An Apprehensive Aesthetic: The Legacy of Modernist Culture

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Peter Lang, 2009 - Art - 292 pages
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The book was awarded The Art Association of Australia and New Zealand Book Prize in 2010.
Art continues to bemuse and confuse many people today. Yet, its critical analyses are saturated with daunting analyses of contemporary art's exhaustion, its predictability or its absorption into global commercial culture. In this book, the author seeks to clarify this apprehensive perception of art. He argues it is a consequence not only of confounding art-works, but also of the paradoxical impetus of a culture of modernity. By positively reassessing the perplexing or apprehensive features of cultural modernity as well as of aesthetic inquiry, this book redefines the ambitions of art in the wake of this legacy. In the process, it challenges many familiar approaches to art inquiry in order to offer a new understanding of the aesthetic, social and cultural aspirations of art in our time.
 

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Contents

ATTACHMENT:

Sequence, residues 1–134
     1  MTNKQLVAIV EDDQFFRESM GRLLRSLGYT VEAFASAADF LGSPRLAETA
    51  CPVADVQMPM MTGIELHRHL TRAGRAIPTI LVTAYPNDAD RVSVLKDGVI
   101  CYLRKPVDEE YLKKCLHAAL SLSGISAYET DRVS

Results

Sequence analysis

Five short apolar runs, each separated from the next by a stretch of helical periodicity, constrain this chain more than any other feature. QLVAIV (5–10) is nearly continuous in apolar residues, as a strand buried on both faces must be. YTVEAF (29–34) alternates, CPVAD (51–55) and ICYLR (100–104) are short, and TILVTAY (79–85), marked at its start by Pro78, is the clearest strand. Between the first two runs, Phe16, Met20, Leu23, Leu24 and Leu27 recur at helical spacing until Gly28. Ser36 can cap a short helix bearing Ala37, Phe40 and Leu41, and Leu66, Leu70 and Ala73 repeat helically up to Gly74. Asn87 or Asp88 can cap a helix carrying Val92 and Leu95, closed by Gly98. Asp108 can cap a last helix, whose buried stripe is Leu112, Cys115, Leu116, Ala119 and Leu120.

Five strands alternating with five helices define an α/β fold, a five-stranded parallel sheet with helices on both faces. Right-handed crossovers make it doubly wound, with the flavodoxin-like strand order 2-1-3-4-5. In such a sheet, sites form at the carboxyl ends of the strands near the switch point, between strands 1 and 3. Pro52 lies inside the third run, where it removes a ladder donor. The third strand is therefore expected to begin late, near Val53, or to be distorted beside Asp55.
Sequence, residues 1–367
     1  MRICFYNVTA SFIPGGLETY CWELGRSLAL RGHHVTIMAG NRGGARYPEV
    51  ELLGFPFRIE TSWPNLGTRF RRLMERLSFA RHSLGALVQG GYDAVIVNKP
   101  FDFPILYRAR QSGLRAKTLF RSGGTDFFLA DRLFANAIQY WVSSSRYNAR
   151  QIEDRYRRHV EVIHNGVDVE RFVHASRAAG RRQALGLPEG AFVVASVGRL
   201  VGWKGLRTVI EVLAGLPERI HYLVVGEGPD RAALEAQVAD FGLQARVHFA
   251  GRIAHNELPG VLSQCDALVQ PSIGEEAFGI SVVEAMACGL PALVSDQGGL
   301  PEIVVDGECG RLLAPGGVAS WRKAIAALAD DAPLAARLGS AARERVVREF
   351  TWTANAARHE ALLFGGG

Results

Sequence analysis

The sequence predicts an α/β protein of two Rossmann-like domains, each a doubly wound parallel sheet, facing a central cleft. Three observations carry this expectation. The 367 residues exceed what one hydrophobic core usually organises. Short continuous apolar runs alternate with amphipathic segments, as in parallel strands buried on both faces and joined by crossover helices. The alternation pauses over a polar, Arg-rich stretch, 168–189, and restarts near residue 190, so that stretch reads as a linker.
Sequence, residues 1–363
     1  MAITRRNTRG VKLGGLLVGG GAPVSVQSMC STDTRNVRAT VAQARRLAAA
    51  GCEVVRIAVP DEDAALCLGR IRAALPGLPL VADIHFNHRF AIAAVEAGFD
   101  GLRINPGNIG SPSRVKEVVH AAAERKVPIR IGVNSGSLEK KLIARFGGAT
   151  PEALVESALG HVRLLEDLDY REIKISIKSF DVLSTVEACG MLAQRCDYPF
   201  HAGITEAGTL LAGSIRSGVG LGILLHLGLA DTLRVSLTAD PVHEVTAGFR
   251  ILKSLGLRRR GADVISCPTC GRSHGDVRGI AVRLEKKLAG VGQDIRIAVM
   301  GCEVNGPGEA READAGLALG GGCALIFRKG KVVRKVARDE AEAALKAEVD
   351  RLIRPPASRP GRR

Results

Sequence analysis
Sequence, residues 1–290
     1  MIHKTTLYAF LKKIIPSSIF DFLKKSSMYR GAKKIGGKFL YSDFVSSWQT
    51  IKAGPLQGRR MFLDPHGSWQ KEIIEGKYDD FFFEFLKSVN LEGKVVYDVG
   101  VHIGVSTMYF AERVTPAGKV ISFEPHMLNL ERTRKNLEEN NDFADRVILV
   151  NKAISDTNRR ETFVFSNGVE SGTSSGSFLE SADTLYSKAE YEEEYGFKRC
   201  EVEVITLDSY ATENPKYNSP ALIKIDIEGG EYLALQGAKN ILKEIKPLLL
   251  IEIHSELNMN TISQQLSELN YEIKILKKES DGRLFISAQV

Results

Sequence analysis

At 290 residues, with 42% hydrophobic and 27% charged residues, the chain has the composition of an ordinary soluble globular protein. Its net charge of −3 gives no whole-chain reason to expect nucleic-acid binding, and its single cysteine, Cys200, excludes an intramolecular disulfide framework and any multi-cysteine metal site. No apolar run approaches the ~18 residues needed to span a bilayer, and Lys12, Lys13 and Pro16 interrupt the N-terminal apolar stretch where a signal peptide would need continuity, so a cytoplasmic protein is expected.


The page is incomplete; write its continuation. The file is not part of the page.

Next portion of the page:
Acknowledgments
7
Chapter Four
8
Chapter
21
Chapter
61
Chapter Three
109
aesthetic pleasure reconsidered
123
Love identification and confrontation within modernity
149
Chapter
237
Epilogue
279
Copyright

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About the author (2009)

The Author: Andrew McNamara is an Associate Professor at Queensland University of Technology, Brisbane, Australia. He has published on art history, aesthetics, modernism and contemporary art in both Europe and the United States. With Ann Stephen and Philip Goad, he produced a major appraisal of the reception of modernism in Australia, Modernism & Australia: Documents on Art, Design and Architecture 1917-1967 (2006) and Modern Times: The Unwritten History of Modernism in Australia (2008).

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